WordPress recently patched three major security vulnerabilities in its latest update. The flaws could allow for cross-site scripting and SQL injections, and a range of other subsequent issues. The fixes affected WordPress versions 4.7.1 and earlier. Applying the update as soon as possible is still highly recommended.
However, it is now known that apart from the security issues just mentioned the platform fixed a dangerous and then-secret zero-day vulnerability that could lead to remote access and to the deletion of WordPress pages. The reason they didn’t publicly announce the zero-day is that they didn’t want to lure hackers into exploiting it. So they said.
Zero-day in WordPress 4.7 and 4.7.1 Explained: Unauthenticated Privilege Escalation Vulnerability in a REST API Endpoint
The bug allowed all pages on vulnerable websites to be modified. Also, visitors could have been redirected to malicious sites leading to more security-related complications. WordPress postponed the public announcement for a week and is now urging everyone involved to update.
In an additional post, WordPress wrote:
In addition to the three security vulnerabilities mentioned in the original release post, WordPress 4.7 and 4.7.1 had one additional vulnerability for which disclosure was delayed. There was an Unauthenticated Privilege Escalation Vulnerability in a REST API Endpoint. Previous versions of WordPress, even with the REST API Plugin, were never vulnerable to this.
The zero-day was reported on January 20th by security firm Sucuri, more particularly researcher Marc-Alexandre Montpas. Fortunately, no attackers have exploited the bug, and a fix was prepared shortly after it was reported. Nonetheless, WordPress took the time to test the issue further as it felt it was quite serious.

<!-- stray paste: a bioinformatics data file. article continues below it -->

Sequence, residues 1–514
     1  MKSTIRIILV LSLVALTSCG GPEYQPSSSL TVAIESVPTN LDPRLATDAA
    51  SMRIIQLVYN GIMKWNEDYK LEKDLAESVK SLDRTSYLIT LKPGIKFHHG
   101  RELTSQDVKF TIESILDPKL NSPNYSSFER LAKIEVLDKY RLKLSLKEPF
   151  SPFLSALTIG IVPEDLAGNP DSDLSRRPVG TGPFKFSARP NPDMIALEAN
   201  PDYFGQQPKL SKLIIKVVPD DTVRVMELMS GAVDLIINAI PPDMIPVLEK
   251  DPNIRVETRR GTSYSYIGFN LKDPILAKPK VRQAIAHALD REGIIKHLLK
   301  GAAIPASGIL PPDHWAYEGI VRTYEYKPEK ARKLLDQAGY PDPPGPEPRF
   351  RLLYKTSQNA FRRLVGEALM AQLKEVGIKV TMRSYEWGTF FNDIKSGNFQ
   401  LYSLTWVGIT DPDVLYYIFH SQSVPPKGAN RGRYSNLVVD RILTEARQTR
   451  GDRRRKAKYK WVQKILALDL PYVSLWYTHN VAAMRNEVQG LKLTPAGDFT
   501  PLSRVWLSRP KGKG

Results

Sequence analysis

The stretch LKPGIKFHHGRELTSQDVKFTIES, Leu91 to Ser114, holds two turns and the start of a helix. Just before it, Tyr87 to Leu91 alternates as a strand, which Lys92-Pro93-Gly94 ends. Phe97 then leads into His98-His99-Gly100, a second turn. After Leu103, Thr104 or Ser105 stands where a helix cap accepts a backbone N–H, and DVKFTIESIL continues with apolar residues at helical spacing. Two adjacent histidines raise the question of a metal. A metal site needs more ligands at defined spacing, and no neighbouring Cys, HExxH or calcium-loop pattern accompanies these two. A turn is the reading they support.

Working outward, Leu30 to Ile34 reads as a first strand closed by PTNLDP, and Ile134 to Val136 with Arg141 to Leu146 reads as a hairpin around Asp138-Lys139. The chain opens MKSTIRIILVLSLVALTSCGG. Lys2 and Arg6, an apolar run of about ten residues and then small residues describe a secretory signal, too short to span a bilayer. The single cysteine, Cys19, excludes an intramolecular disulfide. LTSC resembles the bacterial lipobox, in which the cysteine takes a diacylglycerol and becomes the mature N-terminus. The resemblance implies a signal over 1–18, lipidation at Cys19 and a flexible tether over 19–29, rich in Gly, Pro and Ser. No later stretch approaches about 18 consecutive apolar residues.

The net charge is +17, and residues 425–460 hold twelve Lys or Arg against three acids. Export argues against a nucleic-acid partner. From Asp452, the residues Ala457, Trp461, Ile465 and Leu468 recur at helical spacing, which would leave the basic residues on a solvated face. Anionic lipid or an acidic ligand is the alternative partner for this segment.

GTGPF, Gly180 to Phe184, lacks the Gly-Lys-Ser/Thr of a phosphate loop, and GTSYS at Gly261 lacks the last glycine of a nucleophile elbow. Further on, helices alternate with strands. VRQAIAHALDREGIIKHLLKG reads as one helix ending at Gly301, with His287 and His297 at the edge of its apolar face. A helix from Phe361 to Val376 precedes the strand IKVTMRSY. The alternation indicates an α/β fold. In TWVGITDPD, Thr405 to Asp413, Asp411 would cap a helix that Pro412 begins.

On the other hand, Sucuri added new rules to their Web Application Firewall so that exploit attempts were blocked. Other companies were contacted, too, to create similar rules to shield users from attacks before the update was finalized.
On Monday, while we continued to test and refine the fix, our focus shifted to WordPress hosts. We contacted them privately with information on the vulnerability and ways to protect users. Hosts worked closely with the security team to implement protections and regularly checked for exploit attempts against their users.
Eventually, the update was ready last Thursday. It’s also important to note that WordPress 4.7.x users were quickly protected via the auto update system. However, users who don’t update WordPress automatically have to do it themselves before it’s too late.